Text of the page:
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Defining JavaScript functions, the ES6 way
<!DOCTYPE html>
<meta charset=utf-8 />
<title>Defining JavaScript functions, the ES6 way</title>
<h1>Defining JavaScript functions, the ES6 way</h1>
<em>Use Firefox 22 (Firefox Nightly)</em>
<script>
// old school
var square = function(x) {
return x * x;
}
console.log(square(3));
// Expression closures
// doc: http://mzl.la/10TNpzc
// *Edit:* I've been told that Expression Closures are not part of ES6. Still cool.
var square = function(x) x * x;
console.log(square(3));
// Arrow functions
// spec: http://bit.ly/KN3z1c
var square = x => { return x * x; };
console.log(square(3));
// Arrow function + expression closure
var square = x => x * x;
console.log(square(3));
// Destructuring assignment
// doc: http://mzl.la/Xed4Ua
var squareAndCube = x => [x*x, x*x*x];
var [s,c] = squareAndCube(3);
console.log(s + ", " + c);
</script>
@Srirangan

Examples 2 and 4 remind me of Scala. I may be in a minority but I don't find defining old-school functions as much of a pain. It's okay, really!

@andreipfeiffer

Having multiple options to write the same thing will only decrease readability.
Instead of spending 2 seconds to write the "function()" string, you will spend more time to read code, on the long run.

So, I'm not happy at all about the new ES6 syntax.

@somethingkindawierd

Regarding the last example, squareAndCube, it seems like something I might try but later refactor into more traditional code after I return to it confused by what it's doing.

The Mozilla docs cite swapping/rotating multiple variables as a benefit to this type of function. Perhaps. However, when I end up needing to swap values in my own code it typically points to a problem in my design that can be fixed elsewhere.

@maxw3st
maxw3st commented Mar 28, 2013

To me it looks like a "Pitman" shorthand version of JavaScript. It clearly can cut down file sizes, but also makes it more difficult to read and interpret. That said, it looks to be a good way to re-factor code for production, but I'd want to have the same code saved in the traditional format also.

@jerone
jerone commented Mar 28, 2013

In C# we call example 3 and 4 Lambda Expressions.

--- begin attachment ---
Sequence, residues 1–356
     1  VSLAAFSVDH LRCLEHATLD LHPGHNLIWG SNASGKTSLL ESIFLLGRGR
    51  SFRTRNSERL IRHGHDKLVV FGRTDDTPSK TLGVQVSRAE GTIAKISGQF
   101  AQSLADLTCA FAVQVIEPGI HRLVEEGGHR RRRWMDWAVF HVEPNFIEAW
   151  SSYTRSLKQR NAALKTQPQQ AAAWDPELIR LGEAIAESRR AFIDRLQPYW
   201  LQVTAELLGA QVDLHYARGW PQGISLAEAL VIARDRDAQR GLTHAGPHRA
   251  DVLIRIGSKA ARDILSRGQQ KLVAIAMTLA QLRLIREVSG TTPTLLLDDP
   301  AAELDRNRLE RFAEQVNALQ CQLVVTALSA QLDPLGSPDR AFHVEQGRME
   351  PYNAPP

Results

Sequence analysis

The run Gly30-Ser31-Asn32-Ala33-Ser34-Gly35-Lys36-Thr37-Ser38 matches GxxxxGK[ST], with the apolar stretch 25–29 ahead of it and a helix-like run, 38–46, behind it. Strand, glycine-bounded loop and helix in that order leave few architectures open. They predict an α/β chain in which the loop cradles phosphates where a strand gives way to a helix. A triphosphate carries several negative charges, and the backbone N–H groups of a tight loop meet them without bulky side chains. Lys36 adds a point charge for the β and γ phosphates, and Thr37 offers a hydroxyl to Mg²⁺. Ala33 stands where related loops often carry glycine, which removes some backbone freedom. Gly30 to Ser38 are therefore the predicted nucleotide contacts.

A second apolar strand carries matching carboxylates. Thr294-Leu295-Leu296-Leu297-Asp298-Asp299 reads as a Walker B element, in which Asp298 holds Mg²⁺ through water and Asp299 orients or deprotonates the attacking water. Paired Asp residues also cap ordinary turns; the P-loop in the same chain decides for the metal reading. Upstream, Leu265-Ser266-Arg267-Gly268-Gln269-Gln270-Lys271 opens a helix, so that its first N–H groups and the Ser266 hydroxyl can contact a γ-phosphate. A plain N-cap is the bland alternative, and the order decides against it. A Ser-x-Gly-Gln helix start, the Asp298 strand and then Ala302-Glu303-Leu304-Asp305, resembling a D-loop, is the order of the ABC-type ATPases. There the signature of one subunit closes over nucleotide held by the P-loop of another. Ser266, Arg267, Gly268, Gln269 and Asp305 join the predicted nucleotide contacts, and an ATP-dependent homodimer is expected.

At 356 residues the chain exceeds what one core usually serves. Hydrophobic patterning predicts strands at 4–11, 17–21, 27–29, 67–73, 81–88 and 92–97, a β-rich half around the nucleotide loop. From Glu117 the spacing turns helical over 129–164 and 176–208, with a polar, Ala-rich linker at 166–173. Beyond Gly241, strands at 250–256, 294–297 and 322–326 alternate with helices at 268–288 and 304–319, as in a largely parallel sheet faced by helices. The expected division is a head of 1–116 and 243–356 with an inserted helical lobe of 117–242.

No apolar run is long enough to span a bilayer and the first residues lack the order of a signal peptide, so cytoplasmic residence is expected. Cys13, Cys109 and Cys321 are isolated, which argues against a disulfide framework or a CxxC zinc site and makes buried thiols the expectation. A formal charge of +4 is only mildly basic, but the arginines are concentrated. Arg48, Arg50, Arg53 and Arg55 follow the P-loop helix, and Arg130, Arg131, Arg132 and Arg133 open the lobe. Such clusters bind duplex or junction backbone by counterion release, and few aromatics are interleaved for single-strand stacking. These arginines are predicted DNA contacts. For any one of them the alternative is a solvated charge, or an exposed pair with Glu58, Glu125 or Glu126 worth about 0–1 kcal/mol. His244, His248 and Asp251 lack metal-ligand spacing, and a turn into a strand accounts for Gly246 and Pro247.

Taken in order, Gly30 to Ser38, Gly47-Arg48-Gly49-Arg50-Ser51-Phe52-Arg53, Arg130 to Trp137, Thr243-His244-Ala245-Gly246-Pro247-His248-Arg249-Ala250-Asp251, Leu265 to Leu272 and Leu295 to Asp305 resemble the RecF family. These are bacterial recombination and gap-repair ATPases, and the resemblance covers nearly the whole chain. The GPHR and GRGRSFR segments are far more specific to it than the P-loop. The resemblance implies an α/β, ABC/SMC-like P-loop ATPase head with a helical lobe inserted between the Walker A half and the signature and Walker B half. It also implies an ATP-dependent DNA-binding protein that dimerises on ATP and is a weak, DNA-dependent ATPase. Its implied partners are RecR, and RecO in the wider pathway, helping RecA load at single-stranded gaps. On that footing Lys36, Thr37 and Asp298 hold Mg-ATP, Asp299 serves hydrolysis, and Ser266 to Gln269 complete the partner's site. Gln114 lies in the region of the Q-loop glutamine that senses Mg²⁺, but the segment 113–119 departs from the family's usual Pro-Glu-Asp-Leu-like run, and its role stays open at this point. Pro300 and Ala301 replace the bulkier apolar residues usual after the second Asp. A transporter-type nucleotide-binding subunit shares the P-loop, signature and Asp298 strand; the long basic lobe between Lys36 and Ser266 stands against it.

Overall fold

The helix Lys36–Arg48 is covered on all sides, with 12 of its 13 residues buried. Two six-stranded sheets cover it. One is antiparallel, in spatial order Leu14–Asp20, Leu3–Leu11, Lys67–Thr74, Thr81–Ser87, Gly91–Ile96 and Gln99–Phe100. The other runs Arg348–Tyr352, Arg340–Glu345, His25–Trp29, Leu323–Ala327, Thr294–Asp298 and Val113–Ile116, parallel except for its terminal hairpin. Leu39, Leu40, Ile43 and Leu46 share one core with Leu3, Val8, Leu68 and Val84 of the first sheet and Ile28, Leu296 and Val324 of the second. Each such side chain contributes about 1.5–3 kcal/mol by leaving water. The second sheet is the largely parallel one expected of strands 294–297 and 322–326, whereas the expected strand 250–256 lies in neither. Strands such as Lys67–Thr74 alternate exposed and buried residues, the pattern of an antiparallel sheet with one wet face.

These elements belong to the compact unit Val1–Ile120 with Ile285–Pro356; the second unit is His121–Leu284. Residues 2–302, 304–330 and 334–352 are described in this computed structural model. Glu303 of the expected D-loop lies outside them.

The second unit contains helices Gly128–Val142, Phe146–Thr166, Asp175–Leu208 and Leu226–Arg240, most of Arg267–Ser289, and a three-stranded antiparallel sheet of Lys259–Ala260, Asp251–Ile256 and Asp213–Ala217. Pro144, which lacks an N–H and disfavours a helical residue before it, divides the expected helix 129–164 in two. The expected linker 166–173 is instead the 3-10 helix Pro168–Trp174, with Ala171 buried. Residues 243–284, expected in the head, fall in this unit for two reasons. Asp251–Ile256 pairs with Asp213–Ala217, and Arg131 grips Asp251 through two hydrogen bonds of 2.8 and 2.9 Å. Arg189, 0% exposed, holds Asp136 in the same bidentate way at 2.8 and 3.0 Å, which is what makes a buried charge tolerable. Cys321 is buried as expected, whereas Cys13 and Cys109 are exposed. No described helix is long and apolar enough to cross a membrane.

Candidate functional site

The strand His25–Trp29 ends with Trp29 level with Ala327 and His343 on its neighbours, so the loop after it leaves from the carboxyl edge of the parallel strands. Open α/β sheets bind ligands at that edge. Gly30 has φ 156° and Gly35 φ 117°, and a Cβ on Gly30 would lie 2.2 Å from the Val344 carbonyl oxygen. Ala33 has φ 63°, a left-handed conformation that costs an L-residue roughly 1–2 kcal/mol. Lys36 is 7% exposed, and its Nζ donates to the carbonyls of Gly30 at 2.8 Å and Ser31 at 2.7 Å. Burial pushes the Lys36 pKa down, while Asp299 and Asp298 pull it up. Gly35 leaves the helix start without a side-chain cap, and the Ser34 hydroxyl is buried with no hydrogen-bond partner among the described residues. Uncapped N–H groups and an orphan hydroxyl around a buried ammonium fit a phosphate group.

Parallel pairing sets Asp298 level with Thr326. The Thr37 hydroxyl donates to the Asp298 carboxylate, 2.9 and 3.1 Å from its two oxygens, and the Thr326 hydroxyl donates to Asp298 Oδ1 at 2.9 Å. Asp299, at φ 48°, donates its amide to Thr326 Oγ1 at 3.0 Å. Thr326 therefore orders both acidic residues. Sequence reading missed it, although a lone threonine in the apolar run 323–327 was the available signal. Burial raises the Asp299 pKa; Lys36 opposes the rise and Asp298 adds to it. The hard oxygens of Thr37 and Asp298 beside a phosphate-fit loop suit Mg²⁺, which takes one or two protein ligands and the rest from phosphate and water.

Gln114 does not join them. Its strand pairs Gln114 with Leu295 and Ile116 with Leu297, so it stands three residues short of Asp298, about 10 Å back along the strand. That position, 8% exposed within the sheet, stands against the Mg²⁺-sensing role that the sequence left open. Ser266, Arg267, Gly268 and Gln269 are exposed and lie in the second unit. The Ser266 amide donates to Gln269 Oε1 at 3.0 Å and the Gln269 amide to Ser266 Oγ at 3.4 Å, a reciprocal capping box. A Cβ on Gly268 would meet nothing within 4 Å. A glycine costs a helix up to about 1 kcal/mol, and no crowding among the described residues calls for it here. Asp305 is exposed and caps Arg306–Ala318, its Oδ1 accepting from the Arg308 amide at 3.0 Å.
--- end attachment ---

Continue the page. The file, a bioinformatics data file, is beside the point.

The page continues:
@robotlolita

Everyone saying that "writing function isn't that much of a problem" clearly is missing the point of "why shorter function syntax." Yes, writing "function ... return" isn't the problem, the problem is when you try to use the paradigm the language was supposed to (according to Brendan) support: JS is a wannabe functional language that doesn't make functional programming easy.

Compare:

var square = function(x){ return x * x }
var add = function(a){ return function(b){ return a + b }}
var compose = function(f){ return function(g) { return function(){ return f(g.apply(this, arguments)) }}}
var squarePlus2 = compose(add(2))(square)
squarePlus2(4) // => 18

With:

var square = x => x * x
var add = a => b => a + b
var compose = f => g => (...xs) => f(g.apply(this, xs))
var squarePlus2 = compose(add(2))(square)
squarePlus2(4) // => 18

With (Haskell):

square x = x * x
add a b = a + b
compose f g xs = f (g xs)
squarePlus2 = compose (add 2) square
squarePlus2 4 -- => 18
@rwaldron
rwaldron commented Apr 1, 2013

@paulrouget Just a heads up, expression closures are not part of ES6 https://gist.github.com/paulrouget/5262478#file-functions-html-L17-L20

@allenwb
allenwb commented Apr 1, 2013

But curly-free, auto returning expression bodies for arrow functions are part of ES6. Basically example 2 (expression closures) isn't a standard part of ES6 but all the other examples are.

@jiyinyiyong

Hope I can still use CoffeeScript to handle this..

@boban984

Arrows are not meant to replace normal functions, u can't use bind,call or apply to change the 'this', the 'this' value will be lexically bound from the function the arrow was declared inside.
I also think arrow functions don't have constructors.
This is very different to how a regular function works, although at first glance they may seem very similar.

@CamiloMM
CamiloMM commented Sep 3, 2016 edited

@boban984: I was curious about your statements so I went and checked (Chrome v52). Let's see:

let wrapper = {
    method1: function() { return this },
    method2() { return this },
    method3: () => this,
    method4: function() { return (() => this)() },
    method5: function() { return (() => this) },
    method6: () => (() => this)(),
    method7: () => (() => this),
}

// all the following are true
wrapper.method1() === wrapper
wrapper.method2() === wrapper
wrapper.method3() === window
wrapper.method4() === wrapper
wrapper.method5()() === wrapper
wrapper.method6() === window
wrapper.method7()() === window

// of particular interest:
let wm4 = wrapper.method4.bind('wow')
let wm5 = wrapper.method5.bind('nice')
`${wm4()} ${wm5()()}` === 'wow nice'

I'm not sure why it acts like this, I thought this would always be window in an arrow function.

I also think arrow functions don't have constructors.

You don't need those, because you have classes now. I'm not sure everyone was fond of prototypal inheritance (though personally I liked it).

Moreover, you can always use traditional functional notation when you want the way it behaves. This new fat arrow notation makes Javascript more productive for functional programming (and brings it closer to languages like Haskell, while also having OOP features), and anyone who thinks it's not readable might want to stick to mantaining WordPress blog-sites and using drag-and-drop GUIs with big buttons.

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